The international Basel Action Network (BAN) based in Seattle, and Ban Toxics based in the Philippines have submitted a formal letter requesting the Secretariat of the Basel Convention to invoke formal proceedings on the matter of Canada’s unwillingness to perform its Basel Convention obligations after Canada allowed the dumping of more than 100 containers of Canadian household waste on the territory of the Philippines.
The Department of Environment and Natural Resources, civil society groups, and congressmen in the Philippines have all asked Canada to take back its waste for more than a year now. But so far Canada has refused, and some of the wastes have already been buried in a landfill in the Philippines.
According to Jim Makris, the owner of the Ontario based firm responsible for the export, the material was waste containing plastics obtained from a Vancouver based recycling company. Philippine government experts have stated after examination, that the wastes in fact were mixed household wastes, listed in Annex II of the Basel Convention.
Philippine officials opens one of over 100 containers of household garbage sent by Canadian firm to the Philippines in 2014.
BAN and Ban Toxics, in their letter to Basel Convention Executive Secretary Dr. Rolph Payet, assert that as household wastes are a Basel Convention Annex II waste, Canada is bound to strictly control its export. Canada, however, has maintained that its domestic laws do not control household waste. This would indicate a failure on the part of Canada to properly transpose its international treaty obligations into domestic law. Under the rules of the Vienna Convention, failure to properly transpose treaty obligations into domestic law cannot be used as an excuse to not fulfill those obligations.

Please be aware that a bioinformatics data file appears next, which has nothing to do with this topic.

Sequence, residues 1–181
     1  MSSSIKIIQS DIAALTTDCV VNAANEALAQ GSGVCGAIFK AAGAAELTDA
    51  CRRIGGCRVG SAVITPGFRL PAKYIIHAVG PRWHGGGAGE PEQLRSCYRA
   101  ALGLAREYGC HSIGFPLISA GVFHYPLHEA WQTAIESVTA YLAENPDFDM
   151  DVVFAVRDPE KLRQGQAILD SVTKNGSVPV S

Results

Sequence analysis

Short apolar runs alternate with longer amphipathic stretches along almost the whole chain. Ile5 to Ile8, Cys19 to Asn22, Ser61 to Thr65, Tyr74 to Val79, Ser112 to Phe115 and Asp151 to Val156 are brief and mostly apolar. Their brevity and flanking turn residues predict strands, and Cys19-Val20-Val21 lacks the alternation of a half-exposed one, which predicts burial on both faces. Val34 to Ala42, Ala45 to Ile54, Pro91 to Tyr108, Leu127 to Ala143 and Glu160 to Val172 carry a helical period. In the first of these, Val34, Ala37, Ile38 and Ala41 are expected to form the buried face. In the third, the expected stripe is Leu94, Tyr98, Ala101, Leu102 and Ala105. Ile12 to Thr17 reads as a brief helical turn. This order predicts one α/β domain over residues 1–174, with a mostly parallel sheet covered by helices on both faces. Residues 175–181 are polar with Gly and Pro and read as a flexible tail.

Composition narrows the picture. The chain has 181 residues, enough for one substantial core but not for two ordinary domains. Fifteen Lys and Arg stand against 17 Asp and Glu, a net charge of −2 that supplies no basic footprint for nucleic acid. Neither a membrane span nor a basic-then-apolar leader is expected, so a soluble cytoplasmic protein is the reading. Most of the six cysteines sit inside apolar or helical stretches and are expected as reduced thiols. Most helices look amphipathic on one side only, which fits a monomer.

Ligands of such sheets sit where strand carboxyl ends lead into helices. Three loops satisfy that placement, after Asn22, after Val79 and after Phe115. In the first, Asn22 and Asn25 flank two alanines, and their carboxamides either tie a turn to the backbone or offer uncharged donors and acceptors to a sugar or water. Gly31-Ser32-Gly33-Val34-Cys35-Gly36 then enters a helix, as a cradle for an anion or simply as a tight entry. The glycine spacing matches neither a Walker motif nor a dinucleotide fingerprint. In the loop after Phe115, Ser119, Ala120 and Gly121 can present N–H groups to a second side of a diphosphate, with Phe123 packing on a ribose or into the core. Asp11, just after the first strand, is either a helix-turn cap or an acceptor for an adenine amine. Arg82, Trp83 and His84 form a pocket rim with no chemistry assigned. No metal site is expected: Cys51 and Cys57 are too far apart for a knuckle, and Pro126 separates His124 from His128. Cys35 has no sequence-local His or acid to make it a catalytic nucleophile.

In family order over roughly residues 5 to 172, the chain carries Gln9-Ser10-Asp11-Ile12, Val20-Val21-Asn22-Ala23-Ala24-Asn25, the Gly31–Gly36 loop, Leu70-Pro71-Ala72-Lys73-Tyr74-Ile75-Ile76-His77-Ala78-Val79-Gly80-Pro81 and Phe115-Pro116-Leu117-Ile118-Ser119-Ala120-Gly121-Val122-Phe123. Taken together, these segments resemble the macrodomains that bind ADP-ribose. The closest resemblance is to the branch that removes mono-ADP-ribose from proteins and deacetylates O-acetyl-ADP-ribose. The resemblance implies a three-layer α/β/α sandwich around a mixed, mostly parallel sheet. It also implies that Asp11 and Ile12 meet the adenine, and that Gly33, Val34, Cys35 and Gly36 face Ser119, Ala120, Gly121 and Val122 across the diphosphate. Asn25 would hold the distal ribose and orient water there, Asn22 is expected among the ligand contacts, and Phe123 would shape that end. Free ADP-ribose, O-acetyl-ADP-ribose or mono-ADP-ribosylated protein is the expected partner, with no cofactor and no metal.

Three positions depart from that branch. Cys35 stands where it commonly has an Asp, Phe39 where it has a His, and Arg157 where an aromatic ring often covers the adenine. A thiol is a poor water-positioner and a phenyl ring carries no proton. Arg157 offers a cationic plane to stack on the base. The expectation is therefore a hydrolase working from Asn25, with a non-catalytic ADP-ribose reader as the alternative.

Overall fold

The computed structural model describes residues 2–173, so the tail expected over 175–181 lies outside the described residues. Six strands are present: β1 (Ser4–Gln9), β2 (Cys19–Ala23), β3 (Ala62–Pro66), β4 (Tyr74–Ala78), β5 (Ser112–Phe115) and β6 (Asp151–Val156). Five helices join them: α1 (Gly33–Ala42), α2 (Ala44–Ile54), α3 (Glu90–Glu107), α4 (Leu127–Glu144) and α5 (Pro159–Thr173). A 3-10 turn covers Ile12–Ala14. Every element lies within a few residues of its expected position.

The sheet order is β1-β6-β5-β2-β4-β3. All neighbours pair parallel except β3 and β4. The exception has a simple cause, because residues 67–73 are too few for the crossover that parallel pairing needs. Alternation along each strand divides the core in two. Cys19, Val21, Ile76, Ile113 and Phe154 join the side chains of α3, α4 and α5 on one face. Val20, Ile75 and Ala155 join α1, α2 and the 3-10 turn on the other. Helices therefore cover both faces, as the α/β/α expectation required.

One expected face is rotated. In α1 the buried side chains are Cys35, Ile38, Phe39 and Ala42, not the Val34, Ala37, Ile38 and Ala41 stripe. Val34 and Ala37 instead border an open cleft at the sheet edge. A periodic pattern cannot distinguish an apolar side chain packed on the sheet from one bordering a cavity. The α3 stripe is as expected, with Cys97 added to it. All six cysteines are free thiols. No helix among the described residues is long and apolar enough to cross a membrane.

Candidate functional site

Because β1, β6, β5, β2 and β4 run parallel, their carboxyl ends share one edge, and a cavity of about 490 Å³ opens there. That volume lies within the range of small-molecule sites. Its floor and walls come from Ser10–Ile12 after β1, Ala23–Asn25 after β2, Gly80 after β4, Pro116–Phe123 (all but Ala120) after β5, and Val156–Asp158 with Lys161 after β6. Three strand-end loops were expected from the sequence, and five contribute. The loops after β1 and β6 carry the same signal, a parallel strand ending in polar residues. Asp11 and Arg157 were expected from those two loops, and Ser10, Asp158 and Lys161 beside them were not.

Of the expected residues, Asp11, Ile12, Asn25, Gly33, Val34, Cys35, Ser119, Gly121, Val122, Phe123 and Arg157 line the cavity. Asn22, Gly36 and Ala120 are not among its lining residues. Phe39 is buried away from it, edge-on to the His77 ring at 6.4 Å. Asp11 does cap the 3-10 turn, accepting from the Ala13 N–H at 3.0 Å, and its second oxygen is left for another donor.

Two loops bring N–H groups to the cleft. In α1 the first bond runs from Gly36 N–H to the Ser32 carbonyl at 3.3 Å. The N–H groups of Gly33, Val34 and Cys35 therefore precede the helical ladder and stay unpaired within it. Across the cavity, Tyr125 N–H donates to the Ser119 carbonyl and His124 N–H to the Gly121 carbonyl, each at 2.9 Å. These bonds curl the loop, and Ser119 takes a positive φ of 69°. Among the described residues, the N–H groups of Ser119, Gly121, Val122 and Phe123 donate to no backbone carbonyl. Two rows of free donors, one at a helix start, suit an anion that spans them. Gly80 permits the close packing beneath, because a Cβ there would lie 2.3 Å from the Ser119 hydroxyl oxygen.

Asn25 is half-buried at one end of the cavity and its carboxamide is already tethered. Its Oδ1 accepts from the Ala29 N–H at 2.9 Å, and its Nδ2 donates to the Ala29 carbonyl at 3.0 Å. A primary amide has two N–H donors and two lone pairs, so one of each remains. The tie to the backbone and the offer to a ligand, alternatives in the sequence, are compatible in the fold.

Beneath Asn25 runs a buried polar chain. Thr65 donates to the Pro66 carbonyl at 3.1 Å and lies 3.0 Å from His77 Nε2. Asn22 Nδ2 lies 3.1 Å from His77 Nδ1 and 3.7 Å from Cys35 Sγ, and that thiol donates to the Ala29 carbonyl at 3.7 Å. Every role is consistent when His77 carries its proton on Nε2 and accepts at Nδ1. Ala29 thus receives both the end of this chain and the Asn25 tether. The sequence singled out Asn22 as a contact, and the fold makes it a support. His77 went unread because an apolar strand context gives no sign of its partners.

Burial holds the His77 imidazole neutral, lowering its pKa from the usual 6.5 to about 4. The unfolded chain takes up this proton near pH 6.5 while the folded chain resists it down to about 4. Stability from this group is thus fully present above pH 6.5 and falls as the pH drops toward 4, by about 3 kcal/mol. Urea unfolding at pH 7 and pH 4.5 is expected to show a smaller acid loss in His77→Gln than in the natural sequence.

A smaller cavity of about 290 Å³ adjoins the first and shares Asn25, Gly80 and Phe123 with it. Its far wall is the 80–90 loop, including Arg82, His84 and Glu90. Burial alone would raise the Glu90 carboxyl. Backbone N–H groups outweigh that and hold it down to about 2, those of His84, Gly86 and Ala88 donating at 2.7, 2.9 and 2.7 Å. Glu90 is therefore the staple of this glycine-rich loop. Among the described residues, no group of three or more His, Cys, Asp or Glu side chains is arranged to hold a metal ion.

“Canada has admitted to us, that it has failed to properly implement the Basel Convention. This means that they are not in compliance and that has resulted in significant economic and potential environmental harm to the Philippines,” said Jim Puckett, Executive Director of the Basel Action Network. “We have asked them on several occasions to take the responsibility required of them under the law and they have simply refused.”
As a party to the Basel Convention, illegal traffic such as this must be prosecuted by Canada as a criminal act and furthermore the waste should be returned by Canada to its territory unless it is impracticable to do so.
The Basel Convention has adopted an implementation and compliance mechanism and a special committee (ICC) for handling matters of non-compliance. Cases can only be brought to the ICC either by the country out of compliance (Canada), an impacted country (Philippines) or by the Secretariat. The letter from the environmental groups asserts that the Secretariat is well within its rights to take this matter to the ICC with a view to assisting Canada and other nations to properly implement the Convention for household wastes.
“We know that the Philippines government have been pressured by Canada not to put up a fuss,” said Ban Toxics Executive Director Richard Gutierrez. “So our government is not going to file a non-compliance brief. Cases like this require the Secretariat to act. If this gross non-compliance is simply swept under the carpet, the Basel Convention and indeed all international law becomes but a sad joke. We have faith that the Secretariat will do the right thing and trigger this case.”
Click here to read the letter to the Basel Convention Secretariat.
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